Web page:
The first snow of the season fell on a Saturday evening, December 10th, 2017. The weather was mild, and it was an easy and eagerly awaited start to the coming winter.
That night, I received images of SELF TCELFER (pronounced “self self-er”), an outdoor sculpture I had created that summer for a seaside installation at the Ogunquit Museum of American Art. The piece was now situated amongst trees in a land-trust managed forest as part of an alternative arts event in rural Maine. Although the event had taken place in the fall, the work had remained installed so images could be taken after the first snow.
Our family had just finished a celebratory meal of vegetarian meatballs and pasta with garlic bread (heavy on the garlic) to mark what would have been my father’s 67th birthday. The snowfall felt like an acknowledgment of his passing. The images of my work, situated within woods my father would have walked during his time at college, in the small town where he and my mother fell in love, felt like the completion of yet another circle. Life expanding outward and then circling back to pull us in under the same sky.
Two days earlier, I had met with the director of a small museum to discuss placing SELF TCELFER on their grounds for a two-year period. It would be my first long-term placement of a work at a museum, and my first significant commitment outside the state of Maine.
In order to feel confident about situating the work outdoors for a full two-year period, I needed to transport the piece back to my home studio, to study it through the winter and make any necessary alterations before its journey to the museum in August of 2018.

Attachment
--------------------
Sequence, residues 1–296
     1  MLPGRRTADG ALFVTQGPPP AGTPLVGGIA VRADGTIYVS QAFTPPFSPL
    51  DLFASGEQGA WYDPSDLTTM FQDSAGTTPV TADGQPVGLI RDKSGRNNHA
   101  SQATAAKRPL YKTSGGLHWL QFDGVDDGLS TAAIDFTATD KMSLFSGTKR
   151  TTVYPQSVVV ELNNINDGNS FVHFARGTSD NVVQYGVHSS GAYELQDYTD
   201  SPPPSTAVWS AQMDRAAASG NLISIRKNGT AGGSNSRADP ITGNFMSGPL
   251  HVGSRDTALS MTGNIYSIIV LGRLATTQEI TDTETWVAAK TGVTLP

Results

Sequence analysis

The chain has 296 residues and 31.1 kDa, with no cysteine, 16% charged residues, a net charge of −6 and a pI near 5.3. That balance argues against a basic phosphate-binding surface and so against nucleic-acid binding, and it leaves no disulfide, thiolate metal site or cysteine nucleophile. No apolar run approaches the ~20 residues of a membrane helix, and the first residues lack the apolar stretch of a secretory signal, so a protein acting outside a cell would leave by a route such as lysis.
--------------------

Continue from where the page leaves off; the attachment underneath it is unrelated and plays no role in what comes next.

On December 11th, the day after the first snowfall, I made arrangements to move the work, scheduling a 26-foot truck, and coordinating with the curator to wrangle interns to assist with takedown. SELF TCELFER was a large work, comprised of seven 7’ x 7’ modular panels that could be joined together to form an open-ended octagon. I hired an engineer to help design the work so that two people could easily transport it without compromising the presence of the fully-installed piece. The surface was sculpted from mirrored Mylar, bent and formed to create psychedelic reflections that moved and breathed with the wind.
There is no simple way to describe the work and investment that went into creating the piece. Anyone who makes anything as part of a core practice will understand. I can rattle off the numbers – the monetary cost of making the work, and talk about the grants I wrote (and won) to help fund the piece. I can tally up the hours spent envisioning the piece, researching, sketching, creating mock-ups, and then designing and constructing the work.
What are more difficult to quantify are the moments and expanses of time that imbued the work with deeper meaning and greater significance. Watching my daughter walk across sheets of mirrored Mylar outdoors on our deck on a gorgeous summer day, looking down into the Mylar to see a crystal clear reflection of the sky, and then seeing herself bending that perfect reflection into fractal-like manipulations of sky, trees, cloud and flesh. That is harder to account for.